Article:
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Reviewed: VRJoy 3D Glasses
Manufacturer: VRStandards
Product Type: 3D Glasses
Price: $79.95
Overall Rating:
Provided By: VRStandard Corp.
Author: Michael "" Ahlf/Kyle Maulden       Date: November 1st 1999
Page: 2

First of all, naturally, comes the appearance of the glasses. Unfortunately, there are some severe flaws in how the design works in several regards. First of all, the pass-through which hooks up in between the video card and monitor is long: be REALLY careful about dropping anything or you might damage the video card. Secondly, the glasses felt pretty fragile in the hands: for something which might fall off of the head, they're not exactly sturdy. Along that line again came the ear pieces: totally nonadjustable, they didn't quite fit my head and left much to be desired. Bottom line, if your head isn't perfectly shaped you could find the glasses shifting or feeling constrictive. Also, the glasses themselves are, quite truthfully, ugly. The glasses could look a lot better and be better shaped to people's heads for the price paid.

I myself found the glasses a bit on the large side. They're large and bulky, unlike others such as the 3D Revelators, which could maybe even pass as a pair of sunglasses! Above the LCD's, is a large plastic area, which mainly just ads weight to them. Although they seemed to fit my face fine, the nosepiece gave me a slight headache after playing with them for about 30 minutes. (no, the headache wasn't from flickering or anything, just the weight of the glasses on my nose) Micheal's also got a point with them sticking out the back of your video card. Right now, connected to my video card is the VRJoy's, followed by a GS Gun System from Act-Labs, then finally my monitor plugs into that. If I dropped something or hit that hard enough it could damage the video card, or one of the connectors.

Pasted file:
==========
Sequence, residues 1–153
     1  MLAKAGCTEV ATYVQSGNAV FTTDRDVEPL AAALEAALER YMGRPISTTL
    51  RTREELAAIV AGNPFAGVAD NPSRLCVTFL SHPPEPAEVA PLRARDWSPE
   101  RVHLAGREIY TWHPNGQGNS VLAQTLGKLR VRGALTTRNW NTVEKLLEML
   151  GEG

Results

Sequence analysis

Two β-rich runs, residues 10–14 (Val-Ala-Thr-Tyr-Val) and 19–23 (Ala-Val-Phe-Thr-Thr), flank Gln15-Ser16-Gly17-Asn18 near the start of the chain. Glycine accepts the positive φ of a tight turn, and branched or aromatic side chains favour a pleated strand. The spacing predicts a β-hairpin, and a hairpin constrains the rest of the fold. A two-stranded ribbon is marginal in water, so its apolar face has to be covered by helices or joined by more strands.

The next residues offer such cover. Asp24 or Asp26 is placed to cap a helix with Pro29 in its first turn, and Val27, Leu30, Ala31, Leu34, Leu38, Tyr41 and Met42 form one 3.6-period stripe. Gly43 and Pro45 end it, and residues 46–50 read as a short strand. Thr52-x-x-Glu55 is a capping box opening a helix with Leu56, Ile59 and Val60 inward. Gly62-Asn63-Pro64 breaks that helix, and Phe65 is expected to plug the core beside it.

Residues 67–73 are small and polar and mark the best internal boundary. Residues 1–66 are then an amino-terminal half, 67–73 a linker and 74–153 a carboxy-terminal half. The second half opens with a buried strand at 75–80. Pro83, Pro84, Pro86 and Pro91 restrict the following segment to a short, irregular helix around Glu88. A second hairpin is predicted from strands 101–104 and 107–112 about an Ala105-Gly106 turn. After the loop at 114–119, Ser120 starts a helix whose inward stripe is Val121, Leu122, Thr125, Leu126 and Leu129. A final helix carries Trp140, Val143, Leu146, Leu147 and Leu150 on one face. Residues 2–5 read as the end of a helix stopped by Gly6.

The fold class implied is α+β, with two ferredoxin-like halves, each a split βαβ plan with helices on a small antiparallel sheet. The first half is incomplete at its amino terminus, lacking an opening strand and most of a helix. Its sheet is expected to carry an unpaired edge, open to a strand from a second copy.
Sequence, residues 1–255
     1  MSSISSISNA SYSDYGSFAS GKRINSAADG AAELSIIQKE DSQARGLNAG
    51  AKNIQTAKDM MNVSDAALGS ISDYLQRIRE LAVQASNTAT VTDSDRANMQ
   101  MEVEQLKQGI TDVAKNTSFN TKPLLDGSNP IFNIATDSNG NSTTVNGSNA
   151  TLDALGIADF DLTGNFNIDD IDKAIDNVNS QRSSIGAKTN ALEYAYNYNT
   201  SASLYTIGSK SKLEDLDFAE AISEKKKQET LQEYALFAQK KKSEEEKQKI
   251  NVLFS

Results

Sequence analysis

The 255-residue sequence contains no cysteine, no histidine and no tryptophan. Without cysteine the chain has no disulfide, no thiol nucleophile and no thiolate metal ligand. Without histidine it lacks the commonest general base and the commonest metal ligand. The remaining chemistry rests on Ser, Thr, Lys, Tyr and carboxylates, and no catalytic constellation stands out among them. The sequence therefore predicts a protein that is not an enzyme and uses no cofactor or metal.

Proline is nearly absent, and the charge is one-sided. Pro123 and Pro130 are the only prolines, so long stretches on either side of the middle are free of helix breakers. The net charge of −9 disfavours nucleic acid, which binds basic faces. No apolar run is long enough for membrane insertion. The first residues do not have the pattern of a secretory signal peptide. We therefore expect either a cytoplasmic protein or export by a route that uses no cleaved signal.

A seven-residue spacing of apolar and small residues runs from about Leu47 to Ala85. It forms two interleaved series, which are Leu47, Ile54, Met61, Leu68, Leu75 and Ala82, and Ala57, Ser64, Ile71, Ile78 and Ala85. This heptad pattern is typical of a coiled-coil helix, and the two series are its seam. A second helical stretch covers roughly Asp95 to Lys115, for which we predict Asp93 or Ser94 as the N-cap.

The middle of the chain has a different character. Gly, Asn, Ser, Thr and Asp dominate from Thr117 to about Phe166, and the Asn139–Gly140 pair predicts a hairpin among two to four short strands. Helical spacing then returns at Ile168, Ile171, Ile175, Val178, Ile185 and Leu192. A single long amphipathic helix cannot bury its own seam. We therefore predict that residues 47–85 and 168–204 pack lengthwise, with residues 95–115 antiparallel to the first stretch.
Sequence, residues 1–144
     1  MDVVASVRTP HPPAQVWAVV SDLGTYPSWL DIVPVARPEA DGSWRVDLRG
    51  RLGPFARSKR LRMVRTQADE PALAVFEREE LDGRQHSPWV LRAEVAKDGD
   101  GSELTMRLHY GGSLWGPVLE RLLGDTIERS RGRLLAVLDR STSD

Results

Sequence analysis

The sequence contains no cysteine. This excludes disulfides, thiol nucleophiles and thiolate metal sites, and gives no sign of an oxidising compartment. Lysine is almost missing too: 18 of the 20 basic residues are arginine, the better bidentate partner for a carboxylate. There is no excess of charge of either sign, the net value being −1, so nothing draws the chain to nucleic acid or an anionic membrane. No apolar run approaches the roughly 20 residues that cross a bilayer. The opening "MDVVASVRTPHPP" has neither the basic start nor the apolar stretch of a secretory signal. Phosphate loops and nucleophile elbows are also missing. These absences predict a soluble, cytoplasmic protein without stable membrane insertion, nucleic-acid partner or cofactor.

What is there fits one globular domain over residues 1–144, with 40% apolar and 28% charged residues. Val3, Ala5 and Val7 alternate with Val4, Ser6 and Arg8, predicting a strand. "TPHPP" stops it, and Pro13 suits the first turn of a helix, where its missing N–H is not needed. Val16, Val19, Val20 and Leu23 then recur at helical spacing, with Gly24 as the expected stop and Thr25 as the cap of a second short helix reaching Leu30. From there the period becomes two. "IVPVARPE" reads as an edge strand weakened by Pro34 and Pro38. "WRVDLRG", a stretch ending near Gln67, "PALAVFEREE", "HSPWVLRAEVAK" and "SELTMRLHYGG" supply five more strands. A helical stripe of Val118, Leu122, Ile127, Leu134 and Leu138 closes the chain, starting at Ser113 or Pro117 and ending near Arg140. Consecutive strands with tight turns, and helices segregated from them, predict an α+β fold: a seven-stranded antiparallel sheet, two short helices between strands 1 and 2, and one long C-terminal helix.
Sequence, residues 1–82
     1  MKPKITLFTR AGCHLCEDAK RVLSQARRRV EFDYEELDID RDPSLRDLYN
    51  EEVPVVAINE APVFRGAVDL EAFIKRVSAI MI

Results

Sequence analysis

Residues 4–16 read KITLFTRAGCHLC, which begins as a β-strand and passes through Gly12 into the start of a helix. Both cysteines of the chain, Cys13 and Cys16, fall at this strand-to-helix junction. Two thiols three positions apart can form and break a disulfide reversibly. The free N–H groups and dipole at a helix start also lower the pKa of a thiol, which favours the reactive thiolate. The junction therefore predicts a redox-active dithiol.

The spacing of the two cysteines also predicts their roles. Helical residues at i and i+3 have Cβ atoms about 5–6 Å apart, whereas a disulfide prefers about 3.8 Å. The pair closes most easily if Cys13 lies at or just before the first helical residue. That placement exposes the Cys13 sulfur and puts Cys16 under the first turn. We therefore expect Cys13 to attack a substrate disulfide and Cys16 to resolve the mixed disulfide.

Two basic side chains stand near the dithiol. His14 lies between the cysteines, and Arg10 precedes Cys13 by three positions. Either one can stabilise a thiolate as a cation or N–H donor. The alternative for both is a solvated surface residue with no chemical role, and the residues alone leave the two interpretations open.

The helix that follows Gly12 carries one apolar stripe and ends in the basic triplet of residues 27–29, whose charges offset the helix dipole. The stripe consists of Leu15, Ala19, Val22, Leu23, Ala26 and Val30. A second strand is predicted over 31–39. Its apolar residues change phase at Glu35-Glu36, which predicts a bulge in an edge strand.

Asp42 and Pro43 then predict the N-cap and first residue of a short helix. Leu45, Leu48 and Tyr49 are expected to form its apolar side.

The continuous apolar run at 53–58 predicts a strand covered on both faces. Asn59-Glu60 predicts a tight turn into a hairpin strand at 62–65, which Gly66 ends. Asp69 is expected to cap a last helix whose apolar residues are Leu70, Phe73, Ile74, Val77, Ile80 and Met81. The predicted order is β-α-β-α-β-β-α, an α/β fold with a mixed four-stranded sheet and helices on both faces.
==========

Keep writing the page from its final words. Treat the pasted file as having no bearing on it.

The VRJoy's come with plenty of cable length though. I could easily sit a few feet away from my screen, if I wanted to and still have plenty of cord to spare. The plug on the back of your video card goes into a small central box, which contains a power button, button to enable the glasses, and a button to switch the left and right images. Then from there the glasses plug in using a standard analog plug. (the type headphones or most computer speakers use) There's even two available plugs on the box to allow you to plug two sets of glasses up, incase your friend wants to watch in 3D as well.

When it comes to controlling the glasses, there wasn't much to do -- a button to power them up (be aware that detaching the power cord itself will disable the monitor pass-through), a button to shift to the flicker mode, and a button to control which image is left and right. The glasses operate on a simple principle, with every vertical refresh put out by the video card going to one eye or the other in sequence, which means that video game players should have the Vertical Sync option of their video drivers enabled (otherwise, some funny visual effects can go off).

The glasses require (or at least recommend) a refresh rate of 100Hz at whatever resolution you intend on playing the game on. For most people this won't be a problem, but for some with older computers it may be. Before purchasing these glasses, be sure that you can support 100Hz at the resolution you play at. Otherwise the display will be very flickery and will most likely give you a monster of a headache!

What games look like while using VRJoy's, without the glasses of course
Tomb Raider